Nigeria will find it “impossible” to meter all electricity customers within the next two years as more than 50% of Nigerians are on estimated billing, said Minister of Power Chinedu Nebo.
In an interview with the country’s Sun newspaper this week, Mr Nebo said the government plans to “use its lean resources to procure one million meters so that more Nigerians will break away from estimated billing and make it a thing of the past.”
Nebo said the government was “embarking on a special intervention” by procuring most of the meters made by local manufacturers and giving them to electricity distribution companies (discos) to distribute free of charge to customers.
The minister also used the interview with one of Nigeria’s largest newspaper groups to appeal to consumers to stop stealing electricity as non-technical losses are hitting the discos hard, said Nebo.
“Some discos experience as much as 55% commercial losses because Nigerians enjoy stealing electricity by not paying for it. Some people even brag that they are not paying for power.
He added: “People have been found to have dug holes under the ground to connect electricity from their neighbours and they are not paying. We have a lot of energy theft in Nigeria because consumers are not metered.”
The news of a 1 million meter rollout comes as Nigeria has an estimated 6.5 million pre-paid metering gap, prompting Nebo to defend the scale of the government’s input.
Nebo said: “And some people say it is not enough but when the other governments didn’t do anything, nobody complained. Zero is not enough; if zero is not enough, what is one million?
“One million is more than what people ever envisaged was possible. And government is going to ensure that it gets to people free of charge. At the end of the day government is striving to ensure that things are taken care of.”
This is the latest federal government initiative to push metering in the country and follows the offering of a soft-line of credit to fund rollouts in August 2014.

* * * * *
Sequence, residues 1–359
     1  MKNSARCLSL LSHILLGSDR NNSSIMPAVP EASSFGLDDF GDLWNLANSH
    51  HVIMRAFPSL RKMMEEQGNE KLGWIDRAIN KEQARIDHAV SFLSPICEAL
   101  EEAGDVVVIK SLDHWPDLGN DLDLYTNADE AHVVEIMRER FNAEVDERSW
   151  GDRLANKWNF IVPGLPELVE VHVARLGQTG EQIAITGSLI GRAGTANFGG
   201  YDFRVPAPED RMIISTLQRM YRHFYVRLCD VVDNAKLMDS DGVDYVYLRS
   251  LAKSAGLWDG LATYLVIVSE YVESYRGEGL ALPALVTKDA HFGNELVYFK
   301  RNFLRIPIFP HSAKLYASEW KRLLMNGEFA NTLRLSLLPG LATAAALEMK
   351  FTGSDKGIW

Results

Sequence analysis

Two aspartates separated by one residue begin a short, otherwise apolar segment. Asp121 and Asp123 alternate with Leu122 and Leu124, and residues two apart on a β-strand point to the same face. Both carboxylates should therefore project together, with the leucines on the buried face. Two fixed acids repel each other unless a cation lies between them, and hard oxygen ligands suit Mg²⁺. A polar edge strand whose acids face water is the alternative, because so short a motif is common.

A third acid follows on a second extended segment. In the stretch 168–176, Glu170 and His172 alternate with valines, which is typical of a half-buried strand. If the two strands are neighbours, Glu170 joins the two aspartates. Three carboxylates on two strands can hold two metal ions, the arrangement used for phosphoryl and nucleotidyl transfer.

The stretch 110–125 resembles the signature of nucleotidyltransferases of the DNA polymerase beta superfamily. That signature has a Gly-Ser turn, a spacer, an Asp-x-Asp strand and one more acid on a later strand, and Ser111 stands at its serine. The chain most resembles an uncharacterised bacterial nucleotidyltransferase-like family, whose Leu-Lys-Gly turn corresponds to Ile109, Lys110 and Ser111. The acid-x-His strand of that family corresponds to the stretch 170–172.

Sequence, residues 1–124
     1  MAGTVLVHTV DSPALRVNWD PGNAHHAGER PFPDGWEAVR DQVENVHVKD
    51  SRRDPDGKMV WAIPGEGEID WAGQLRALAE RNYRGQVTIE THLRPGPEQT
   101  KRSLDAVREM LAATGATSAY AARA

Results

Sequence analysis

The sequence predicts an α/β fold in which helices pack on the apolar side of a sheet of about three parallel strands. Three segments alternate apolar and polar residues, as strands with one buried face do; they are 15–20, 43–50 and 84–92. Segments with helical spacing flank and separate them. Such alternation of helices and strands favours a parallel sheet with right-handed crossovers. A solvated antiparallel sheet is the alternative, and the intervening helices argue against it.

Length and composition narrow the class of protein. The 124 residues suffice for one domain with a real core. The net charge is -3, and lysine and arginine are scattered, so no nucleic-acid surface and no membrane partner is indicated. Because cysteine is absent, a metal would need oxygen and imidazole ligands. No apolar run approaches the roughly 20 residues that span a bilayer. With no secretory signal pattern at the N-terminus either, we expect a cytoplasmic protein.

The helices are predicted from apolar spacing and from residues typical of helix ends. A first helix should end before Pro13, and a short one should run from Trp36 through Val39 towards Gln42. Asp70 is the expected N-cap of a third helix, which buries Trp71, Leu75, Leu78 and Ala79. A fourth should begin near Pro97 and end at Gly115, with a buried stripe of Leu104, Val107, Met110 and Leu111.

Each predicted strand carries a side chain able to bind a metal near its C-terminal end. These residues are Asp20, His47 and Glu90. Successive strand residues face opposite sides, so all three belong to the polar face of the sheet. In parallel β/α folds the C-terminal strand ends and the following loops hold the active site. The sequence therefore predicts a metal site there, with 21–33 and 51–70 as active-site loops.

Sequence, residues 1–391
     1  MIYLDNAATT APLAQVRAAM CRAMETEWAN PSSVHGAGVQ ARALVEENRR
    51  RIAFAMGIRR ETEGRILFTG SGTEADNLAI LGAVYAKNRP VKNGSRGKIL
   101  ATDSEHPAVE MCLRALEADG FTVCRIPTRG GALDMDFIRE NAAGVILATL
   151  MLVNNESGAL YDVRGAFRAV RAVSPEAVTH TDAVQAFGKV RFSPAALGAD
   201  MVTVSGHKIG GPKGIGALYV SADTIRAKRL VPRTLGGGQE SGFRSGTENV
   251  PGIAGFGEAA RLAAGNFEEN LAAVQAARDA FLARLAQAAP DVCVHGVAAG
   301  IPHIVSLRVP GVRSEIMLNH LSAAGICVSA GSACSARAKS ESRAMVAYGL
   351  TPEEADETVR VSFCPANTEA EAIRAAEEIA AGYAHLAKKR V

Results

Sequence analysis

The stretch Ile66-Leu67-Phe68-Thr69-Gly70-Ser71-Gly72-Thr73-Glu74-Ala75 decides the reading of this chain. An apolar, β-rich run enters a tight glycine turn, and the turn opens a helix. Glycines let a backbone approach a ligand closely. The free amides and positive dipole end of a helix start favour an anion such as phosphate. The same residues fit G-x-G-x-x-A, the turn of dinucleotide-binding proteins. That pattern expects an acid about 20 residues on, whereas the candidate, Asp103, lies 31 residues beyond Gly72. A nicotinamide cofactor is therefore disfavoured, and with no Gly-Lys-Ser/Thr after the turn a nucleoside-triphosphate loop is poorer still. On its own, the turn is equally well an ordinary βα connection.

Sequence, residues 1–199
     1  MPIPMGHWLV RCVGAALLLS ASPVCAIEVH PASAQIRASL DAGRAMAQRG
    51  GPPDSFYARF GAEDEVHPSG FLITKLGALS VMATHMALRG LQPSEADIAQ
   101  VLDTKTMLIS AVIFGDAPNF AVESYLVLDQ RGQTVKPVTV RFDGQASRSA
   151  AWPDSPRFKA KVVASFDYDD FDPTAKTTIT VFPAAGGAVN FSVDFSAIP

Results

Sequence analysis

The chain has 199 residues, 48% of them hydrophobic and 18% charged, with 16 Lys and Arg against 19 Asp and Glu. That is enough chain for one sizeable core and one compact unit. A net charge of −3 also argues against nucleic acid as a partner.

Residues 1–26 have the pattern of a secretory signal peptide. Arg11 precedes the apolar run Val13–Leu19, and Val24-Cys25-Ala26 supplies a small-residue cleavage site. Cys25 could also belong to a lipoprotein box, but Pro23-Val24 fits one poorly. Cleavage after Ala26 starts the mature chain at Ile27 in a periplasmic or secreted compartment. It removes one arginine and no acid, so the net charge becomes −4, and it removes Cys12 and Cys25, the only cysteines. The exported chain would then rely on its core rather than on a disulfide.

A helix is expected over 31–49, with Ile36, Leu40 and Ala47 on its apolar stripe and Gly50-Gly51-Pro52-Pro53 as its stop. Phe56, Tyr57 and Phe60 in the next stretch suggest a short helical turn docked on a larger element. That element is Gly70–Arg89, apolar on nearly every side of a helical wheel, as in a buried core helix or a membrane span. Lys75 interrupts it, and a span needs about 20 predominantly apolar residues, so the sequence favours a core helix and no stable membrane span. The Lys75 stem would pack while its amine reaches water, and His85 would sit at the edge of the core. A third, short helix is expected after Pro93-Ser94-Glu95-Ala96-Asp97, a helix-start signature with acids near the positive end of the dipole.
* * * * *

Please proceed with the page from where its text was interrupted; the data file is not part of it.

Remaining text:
Nigeria’s power generation plans
The energy minister also used the interview to outline Nigeria’s roadmap for generation and transmission.
Nebo said Nigeria is generating an average of 3,500MW a day up from 2,800MW in 2007. However, he admitted that “Nigerians are yet to feel the impact of the growth in power generation.”
In an effort to increase, the current government has revived the National Integrated Power Project, which will see 10 gas-fired power plants supplying 4,500MW to the grid. Two of the plants – Geregu and Omotosho – have already been commissioned and the rest will be inaugurated this year, the minister said.
Nigeria also plans to get around 10% of its power needs from coal-fired turbines. The country is authorising coal-mining licences only to companies that commit to use it to generate electricity.
Solar will play an increasing at both off-grid village level but Nigerians need to adopt a better maintenance culture,said Nebo, to ensure panels can work at full capacity.
Wind is not currently seen as an option due to low velocity but the country is still assessing conditions in all parts of the country.
When it comes to privatisation of the electricity sector, the energy minister said the country is beginning to see results with the refurbishing of power plants and turbines to the creation of independent power projects.
Nebo concluded however that in spite of these advances, the country’s lack of steady gas supply was the reason why it had failed to meet a 5,000MW target by December 2014.